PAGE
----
Rosatom gets go-ahead for Finland’s sixth nuclear reactor
Finnish utility Fennovoima has signed on to a deal with Russia’s Rosatom to build a sixth nuclear reactor, a 1200 MW VVER. The deal is contingent on Finnish investors covering 60% of the costs. That objective seems obtainable according to English language media reports from Helsinki. Rosatom will take an equity stake in the remainder of the plant. It will build the nuclear reactor, all nuclear island components, and the main turbine.
Agreements with other suppliers are expected in the next few months. The plant is expected to be completed and enter revenue service by 2024.
Finland’s fifth nuclear reactor, an Areva EPR, is behind schedule and embroiled in disputes regarding huge cost overruns. The latest completion date is said to be 2018.
Japan to decommission five 40+ year old reactors
Four aging nuclear reactors in Japan have been slated for decommissioning under regulations introduced after the Fukushima nuclear accident. The decision is based on a law that limits the service life of a reactor to 40 years.
Two of them are at the Mihama plant in Fukui Prefecture, and one is at the Tsuruga plant, also in Fukui. The other one is at the Genkai plant in Saga Prefecture. A decision to close another reactor in Shimane Prefecture is expected soon. All of these units are smaller, and it would be too costly to upgrade them to Japan’s post-Fukushima safety standards.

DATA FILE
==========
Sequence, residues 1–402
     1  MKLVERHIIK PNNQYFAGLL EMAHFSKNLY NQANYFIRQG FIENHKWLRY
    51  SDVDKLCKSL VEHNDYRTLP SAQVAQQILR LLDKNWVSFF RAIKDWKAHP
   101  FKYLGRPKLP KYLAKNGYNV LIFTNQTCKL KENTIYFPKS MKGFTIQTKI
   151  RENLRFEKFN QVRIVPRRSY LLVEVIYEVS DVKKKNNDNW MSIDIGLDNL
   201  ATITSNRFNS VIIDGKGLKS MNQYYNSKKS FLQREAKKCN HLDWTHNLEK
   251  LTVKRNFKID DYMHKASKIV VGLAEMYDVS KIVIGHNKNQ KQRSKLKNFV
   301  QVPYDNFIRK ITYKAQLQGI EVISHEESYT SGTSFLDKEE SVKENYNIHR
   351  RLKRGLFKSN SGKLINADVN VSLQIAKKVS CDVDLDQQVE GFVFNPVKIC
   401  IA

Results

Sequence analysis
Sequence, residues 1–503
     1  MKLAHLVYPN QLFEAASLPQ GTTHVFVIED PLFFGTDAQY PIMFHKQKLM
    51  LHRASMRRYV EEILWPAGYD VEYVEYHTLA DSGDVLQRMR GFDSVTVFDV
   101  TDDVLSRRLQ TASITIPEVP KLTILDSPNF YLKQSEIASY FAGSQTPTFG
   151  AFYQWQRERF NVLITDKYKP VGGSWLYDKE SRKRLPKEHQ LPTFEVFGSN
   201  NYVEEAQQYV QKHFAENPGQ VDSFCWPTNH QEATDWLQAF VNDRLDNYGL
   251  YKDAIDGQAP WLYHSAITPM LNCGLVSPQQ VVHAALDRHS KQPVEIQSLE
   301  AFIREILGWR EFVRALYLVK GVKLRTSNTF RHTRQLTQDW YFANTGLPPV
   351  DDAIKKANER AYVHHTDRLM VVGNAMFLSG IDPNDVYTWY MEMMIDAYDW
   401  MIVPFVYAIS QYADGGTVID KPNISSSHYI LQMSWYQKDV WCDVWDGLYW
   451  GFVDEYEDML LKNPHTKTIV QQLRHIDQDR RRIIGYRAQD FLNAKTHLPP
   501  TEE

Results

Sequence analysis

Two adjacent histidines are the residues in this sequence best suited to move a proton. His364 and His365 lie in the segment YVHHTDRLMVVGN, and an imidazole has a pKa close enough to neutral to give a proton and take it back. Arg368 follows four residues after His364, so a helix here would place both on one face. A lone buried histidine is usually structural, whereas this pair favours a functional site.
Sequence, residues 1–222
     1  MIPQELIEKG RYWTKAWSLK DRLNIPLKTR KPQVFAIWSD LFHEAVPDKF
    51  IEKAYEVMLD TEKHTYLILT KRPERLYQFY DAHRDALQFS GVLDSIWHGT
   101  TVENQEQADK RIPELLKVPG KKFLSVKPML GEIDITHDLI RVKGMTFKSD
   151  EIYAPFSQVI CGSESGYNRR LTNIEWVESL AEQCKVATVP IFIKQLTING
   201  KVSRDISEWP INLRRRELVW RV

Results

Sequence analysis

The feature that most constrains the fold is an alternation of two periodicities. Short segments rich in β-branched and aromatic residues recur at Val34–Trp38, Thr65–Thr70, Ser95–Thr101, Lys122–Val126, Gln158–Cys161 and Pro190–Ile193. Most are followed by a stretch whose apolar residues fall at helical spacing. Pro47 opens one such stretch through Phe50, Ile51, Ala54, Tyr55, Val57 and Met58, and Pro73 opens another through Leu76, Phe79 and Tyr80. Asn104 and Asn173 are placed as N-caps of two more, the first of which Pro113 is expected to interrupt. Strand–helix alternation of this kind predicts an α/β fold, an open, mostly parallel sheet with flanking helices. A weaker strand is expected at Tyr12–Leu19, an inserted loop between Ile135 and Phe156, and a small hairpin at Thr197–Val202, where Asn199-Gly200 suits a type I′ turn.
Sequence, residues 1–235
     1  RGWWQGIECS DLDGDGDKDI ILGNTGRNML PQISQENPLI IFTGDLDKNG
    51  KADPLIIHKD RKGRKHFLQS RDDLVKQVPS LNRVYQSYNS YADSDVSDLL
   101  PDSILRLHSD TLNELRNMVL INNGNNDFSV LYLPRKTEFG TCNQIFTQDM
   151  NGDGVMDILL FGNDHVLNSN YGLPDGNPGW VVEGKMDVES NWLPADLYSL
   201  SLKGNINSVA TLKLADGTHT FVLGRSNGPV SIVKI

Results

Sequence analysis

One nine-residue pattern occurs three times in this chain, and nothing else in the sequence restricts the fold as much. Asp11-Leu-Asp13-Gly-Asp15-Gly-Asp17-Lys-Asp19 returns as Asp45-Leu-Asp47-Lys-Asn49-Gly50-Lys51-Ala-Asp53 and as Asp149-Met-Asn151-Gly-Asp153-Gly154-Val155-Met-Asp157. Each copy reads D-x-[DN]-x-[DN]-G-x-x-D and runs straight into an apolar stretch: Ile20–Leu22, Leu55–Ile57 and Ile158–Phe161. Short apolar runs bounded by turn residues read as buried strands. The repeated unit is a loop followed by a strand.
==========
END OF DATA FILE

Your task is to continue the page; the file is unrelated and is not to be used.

The operators of the reactors will start drawing up decommissioning plans to be approved by the government’s Nuclear Regulation Authority. With 5 reactors slated for decommissioning, the number of reactors in Japan will fall to 43.
All of the utilities involved will apply to the government for financial support to pay for early decommissioning of the units. It isn’t clear how much support the government will provide either through direct cash payments or through deferral of future tax liabilities.
Separately, KANSAI Electric has committed to preserving Takahama Units 1 & 2, both more than 40 years old, because of their power ratings and relative good condition. Both are 826 MW PWRs completed in 1976. Takahama Unit 3 & 4, completed in 1985, are expected to restart later this year.
TEPCO targets Autumn restart of Kashiwazaki-Kariwa reactors